Ford has issued a massive recall on some of its vehicles because of a fire risk. Is yours one of the ones with the potential issue?
Founded by Henry Ford in 1903, Ford is one of the world’s most popular vehicle brands in the world. The company sells commercial vehicles under its flagship brand and luxury automobiles under its Lincoln luxury brand. The company also owns Brazilian SUV manufacturer Troller, has an 8% stake in the UK’s Aston Martin, and possesses 32% of China’s Jiangling Motors. But like any other company, they have experienced a fair share of problems over the years. The latest mishap is a technical defect that prompted a Ford recall.
According to CNBC, the auto manufacturer is recalling 100,000 vehicles due to the risk of under-hood fires. The Ford recall includes specific models of the 2020 to 2022 Escape, Lincoln Corsair SUVs, and small Maverick pickups with 2.5-liter hybrid/plug-in hybrid (HEV / PHEV) engines. If the engine fails in these vehicles, fuel and oil vapor can leak onto hot parts and catch fire. To solve the fire hazard, Ford plans on adjusting the affected vehicles’ under-engine shield and active grille shutter to allow for better airflow. The company plans to start notifying owners about the Ford recall on August 8th.
Engines can fail due to a crankshaft machining problem. That problem has been fixed in production, but the recalled vehicles could still have it. Interestingly, the recall repair doesn’t address the engine failures. However, Ford said in a statement that engine failures are rare with 0.17 repairs per 1,000 vehicles. To solve the problem that prompted the Ford recall, dealers will add drain holes to an under-hood shield. They will also change the active grille shutters to allow more airflow and reduce under-hood temperatures to below the ignition points of fuel vapor or engine oil.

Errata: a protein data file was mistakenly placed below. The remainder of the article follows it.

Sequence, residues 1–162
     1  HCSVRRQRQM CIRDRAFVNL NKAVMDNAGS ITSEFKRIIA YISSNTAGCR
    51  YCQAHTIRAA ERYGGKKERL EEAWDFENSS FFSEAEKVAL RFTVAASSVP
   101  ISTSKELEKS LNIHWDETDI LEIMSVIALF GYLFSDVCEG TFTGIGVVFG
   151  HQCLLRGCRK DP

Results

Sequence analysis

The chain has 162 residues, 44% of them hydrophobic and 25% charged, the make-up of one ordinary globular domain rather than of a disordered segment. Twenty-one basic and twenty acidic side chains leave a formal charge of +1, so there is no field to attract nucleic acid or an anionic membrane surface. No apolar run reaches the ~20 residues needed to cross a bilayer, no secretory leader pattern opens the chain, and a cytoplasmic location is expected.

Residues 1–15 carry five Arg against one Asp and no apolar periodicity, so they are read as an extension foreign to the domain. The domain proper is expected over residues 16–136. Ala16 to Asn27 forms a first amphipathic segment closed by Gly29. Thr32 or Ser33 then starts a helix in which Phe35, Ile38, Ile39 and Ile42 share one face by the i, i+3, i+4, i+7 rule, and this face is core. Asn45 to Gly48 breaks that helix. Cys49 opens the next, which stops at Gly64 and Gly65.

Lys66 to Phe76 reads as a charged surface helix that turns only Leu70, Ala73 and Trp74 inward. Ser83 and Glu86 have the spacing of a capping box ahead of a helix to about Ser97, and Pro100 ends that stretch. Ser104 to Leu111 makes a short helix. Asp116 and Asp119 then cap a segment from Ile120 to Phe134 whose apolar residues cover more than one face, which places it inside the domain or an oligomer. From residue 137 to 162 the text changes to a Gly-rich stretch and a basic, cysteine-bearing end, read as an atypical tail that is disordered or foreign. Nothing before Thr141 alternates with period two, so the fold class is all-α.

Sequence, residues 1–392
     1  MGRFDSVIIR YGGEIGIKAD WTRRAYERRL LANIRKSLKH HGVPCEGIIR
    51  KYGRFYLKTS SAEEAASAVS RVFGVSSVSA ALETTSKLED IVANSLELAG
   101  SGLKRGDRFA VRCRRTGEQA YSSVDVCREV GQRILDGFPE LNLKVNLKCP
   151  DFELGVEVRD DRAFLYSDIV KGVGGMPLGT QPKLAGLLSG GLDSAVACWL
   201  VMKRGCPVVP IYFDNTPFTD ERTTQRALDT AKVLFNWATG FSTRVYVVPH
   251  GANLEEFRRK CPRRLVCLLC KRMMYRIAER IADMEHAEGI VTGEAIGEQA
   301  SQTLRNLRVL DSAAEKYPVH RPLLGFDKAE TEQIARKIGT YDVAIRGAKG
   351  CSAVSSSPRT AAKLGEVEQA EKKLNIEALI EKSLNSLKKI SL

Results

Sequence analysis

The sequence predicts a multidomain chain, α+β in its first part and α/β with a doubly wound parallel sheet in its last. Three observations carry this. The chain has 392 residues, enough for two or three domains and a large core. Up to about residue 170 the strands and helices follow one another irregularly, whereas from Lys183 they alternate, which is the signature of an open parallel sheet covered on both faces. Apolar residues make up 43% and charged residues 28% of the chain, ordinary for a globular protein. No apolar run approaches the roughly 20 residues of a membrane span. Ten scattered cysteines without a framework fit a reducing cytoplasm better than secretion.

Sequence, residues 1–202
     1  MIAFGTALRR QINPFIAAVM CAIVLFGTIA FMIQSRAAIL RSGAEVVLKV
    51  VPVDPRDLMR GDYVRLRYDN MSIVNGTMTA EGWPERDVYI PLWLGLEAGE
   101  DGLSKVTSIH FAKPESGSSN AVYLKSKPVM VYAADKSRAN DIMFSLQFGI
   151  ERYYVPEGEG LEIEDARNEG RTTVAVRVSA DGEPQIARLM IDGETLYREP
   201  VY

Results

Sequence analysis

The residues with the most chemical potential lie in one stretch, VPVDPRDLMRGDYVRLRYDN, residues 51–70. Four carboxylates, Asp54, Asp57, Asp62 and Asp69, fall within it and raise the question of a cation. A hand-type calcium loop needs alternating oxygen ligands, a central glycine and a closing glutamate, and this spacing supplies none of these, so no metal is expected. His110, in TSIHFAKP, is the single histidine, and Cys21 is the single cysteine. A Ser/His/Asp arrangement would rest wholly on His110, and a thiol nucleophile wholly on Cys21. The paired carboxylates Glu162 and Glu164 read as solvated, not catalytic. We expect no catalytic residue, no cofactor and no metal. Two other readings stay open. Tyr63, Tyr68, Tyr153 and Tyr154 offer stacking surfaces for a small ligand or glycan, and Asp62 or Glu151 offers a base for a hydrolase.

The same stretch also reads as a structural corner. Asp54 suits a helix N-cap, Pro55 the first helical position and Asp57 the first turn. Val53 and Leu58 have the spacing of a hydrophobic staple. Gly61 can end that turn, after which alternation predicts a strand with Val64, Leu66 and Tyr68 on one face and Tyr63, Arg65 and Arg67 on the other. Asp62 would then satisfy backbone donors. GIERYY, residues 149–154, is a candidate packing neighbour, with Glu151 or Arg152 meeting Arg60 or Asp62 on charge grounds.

Ford has currently received 23 reports of the issue while engines are switched on. But fortunately, no injuries have been recorded. The company is also expanding an earlier Ford recall of select 2021 Expedition and Lincoln Navigator SUVs because of a different problem that can cause under-hood fires, even when those vehicles are parked and turned off. At the time, the recall affected about 39,000 vehicles. But an update from Ford expands this pool to 66,221 cars built between July 27th, 2020, and August 31st, 2021, The Verge reports.
During the first recall, Ford didn’t know what was causing the fires. But now the company says it has traced the issue to printed circuit boards that are susceptible to an electrical short. The auto manufacturer received reports of 21 fires and one injury due to the fault, but no reports of fires extending to buildings. The circuit boards are part of the battery junction box. As part of the repair process dealers will check the box for melting damage and replace it if needed. They’ll also remove or repair a cooling fan ground wire that connects to the junction box, according to CNBC.
Ford is still advising owners to park their vehicles outside and away from structures until they can be serviced by a dealer. Around one-third of the recalled vehicles should be able to get fixed immediately, while parts for the remaining automobiles are expected to be available in early September. Customers will be notified about availability via the company’s FordPass app.